It’s not every day that you’re asked to “smell this” while on your way to study in the library, but last fall Professor of English Zoran Kuzmanovich approached multiple students and faculty members with just that request.
It was research, people.
He was developing a new course, “Fragrance and Fascination,” which saw its inaugural semester this spring. He arranged on a library table a collection of different fragrances, asked passers by to identify them, and used that exercise as a starting point for a larger conversation about olfaction—What did they know about fragrance? What did they want to know? He was building his class from the bottom up.
“I needed to hear what people did not know in order to teach what they needed to know,” he said.
The exercise yielded a long list of questions, some technical, some philosophical, spanning the multiple facets of olfaction. For example:
- Why do I love some fragrances and hate others?
- How many different smells can a human nose distinguish?
- Does aromatherapy work?
- How does a person lose his sense of smell?
- Can odors manipulate human behavior?
- Can fragrances really bring back memories?
The list of questions—more than four dozen in all—served as a foundation for the class structure, which incorporated more than a dozen faculty lecturers and guest speakers from different disciplines and areas of expertise, including biology, environmental studies, literary theory, economics, classics, art, history and chemistry, among others.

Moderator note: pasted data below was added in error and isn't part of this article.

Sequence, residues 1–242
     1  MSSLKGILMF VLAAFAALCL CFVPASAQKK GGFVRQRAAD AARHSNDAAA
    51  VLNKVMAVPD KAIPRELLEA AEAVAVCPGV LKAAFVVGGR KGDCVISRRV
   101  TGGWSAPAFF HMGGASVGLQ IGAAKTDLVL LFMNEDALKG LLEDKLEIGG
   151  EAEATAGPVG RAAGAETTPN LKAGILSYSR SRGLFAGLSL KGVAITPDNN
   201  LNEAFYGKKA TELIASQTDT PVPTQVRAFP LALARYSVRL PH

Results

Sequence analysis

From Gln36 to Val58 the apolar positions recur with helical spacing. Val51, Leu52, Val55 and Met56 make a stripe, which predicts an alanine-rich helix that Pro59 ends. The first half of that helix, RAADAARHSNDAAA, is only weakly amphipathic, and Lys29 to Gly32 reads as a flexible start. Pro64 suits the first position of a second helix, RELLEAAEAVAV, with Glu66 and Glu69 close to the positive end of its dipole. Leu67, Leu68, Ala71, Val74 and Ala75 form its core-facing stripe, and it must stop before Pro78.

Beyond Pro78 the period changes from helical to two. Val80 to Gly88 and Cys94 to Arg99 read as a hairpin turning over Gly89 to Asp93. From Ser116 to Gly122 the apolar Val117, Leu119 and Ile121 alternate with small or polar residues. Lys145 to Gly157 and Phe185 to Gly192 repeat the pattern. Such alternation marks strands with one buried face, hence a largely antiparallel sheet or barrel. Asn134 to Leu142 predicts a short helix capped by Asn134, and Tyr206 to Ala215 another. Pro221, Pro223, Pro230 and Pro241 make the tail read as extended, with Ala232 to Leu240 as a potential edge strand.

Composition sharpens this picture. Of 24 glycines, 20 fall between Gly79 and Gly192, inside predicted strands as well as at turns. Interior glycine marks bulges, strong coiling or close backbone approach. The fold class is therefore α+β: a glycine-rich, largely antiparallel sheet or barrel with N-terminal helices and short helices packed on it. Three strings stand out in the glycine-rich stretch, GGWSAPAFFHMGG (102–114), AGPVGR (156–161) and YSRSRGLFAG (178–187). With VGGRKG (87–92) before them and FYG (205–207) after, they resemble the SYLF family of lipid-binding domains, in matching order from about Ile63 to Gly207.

“I was surprised to realize how little we actually know about our sense of smell,” said Joey Howard ’17, a student in the fragrance class. “We know a lot about our sight and hearing, but that’s just not the case with smell.”
Basic anecdotal experience suggests our sense of smell is more than just a biological function, and research shows the same—in fact, the way we smell and our response to different scents is the result of an intersection of biology, chemistry, psychology, history and cultural experience, which makes comprehensive study of the process challenging.
But there are some things we do know.
Location, Location, Location
For starters, let’s talk brain real estate.
Generally speaking, brain “neighbors” relate to each other, a concept that makes architectural sense: In designing a brain, parts located close to each other can communicate most efficiently, with less gray matter to get through.